Things are spelled out – "404" becomes "Room 404," "chlorine" becomes "cleaning fluid"  – and subtleties are missed. What spoils
 Consuela's siesta (not necessarily an "afternoon nap," says my OED) is not the sound of the two American ladies arguing, but that she can't quite make out what they are saying. Gone is the description of the closet, Consuela's "resting place," as being "as narrow as the road to heaven," and with it the first hint of her religious beliefs and their influence on the plot.

The two American ladies are friends Wilma Wyatt and Amy Kellogg. The pair have travelled from San Francisco to Mexico City on a girls' getaway. Poor Wilma has been having a particularly tough year that has included divorce (her second), the loss of both parents in a plane crash, and a bout of pneumonia. It's now September. Can it get much worse?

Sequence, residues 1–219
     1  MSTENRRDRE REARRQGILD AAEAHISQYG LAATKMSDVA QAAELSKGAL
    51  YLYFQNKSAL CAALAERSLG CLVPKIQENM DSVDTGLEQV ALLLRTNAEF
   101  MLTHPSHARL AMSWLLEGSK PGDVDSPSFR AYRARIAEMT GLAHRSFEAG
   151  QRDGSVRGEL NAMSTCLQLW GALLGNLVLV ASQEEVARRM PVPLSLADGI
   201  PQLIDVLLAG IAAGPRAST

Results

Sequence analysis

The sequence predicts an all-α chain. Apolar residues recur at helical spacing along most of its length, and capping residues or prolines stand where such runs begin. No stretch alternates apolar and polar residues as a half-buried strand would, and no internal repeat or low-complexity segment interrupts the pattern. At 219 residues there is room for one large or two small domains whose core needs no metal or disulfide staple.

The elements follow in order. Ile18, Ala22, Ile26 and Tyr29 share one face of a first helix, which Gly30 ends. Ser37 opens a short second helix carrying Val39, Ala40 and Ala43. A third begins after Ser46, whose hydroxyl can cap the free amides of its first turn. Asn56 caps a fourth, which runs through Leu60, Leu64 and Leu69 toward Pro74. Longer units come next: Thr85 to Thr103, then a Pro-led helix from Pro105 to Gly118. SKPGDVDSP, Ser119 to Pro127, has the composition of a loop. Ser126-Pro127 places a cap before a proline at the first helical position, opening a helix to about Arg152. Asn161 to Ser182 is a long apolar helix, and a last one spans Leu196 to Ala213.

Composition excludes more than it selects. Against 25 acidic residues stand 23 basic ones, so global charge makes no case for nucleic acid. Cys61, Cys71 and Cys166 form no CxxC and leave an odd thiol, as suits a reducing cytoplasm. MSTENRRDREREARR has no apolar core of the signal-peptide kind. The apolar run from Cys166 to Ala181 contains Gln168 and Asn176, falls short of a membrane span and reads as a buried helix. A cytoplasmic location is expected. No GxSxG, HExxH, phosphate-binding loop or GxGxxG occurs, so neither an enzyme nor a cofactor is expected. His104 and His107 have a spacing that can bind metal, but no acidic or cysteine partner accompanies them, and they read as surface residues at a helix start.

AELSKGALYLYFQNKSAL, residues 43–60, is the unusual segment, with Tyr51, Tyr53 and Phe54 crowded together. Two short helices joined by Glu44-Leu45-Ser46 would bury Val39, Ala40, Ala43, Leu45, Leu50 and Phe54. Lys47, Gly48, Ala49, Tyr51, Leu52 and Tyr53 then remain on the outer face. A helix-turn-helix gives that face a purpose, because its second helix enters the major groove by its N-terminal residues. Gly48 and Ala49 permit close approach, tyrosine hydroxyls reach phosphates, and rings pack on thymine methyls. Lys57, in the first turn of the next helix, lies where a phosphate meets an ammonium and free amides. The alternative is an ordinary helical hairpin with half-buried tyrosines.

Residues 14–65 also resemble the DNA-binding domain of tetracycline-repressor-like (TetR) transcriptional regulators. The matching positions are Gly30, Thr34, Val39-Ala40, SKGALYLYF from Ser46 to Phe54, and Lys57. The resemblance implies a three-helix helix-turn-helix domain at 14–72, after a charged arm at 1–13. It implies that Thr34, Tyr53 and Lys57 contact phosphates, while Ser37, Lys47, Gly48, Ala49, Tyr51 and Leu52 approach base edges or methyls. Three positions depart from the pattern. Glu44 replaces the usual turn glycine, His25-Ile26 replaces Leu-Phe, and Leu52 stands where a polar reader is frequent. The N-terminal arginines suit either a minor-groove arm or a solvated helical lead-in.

Yes, it can.

Wilma is unhappy with everything – herself most of all – and is itching to bicker and bully. Amy tries to make the best of it, all the while reminding herself that husband Rupert had warned the trip was a mistake. Gill, Amy's big brother, called her an imbecile. Things deteriorate further when Amy discovers that Wilma bought a handcrafted silver box engraved with Rupert's initials. Why would Wilma do that? And why would she hide the purchase? The fighting escalates and Wilma storms off to the hotel bar.

That evening, Wilma dies of a fall from their hotel room balcony.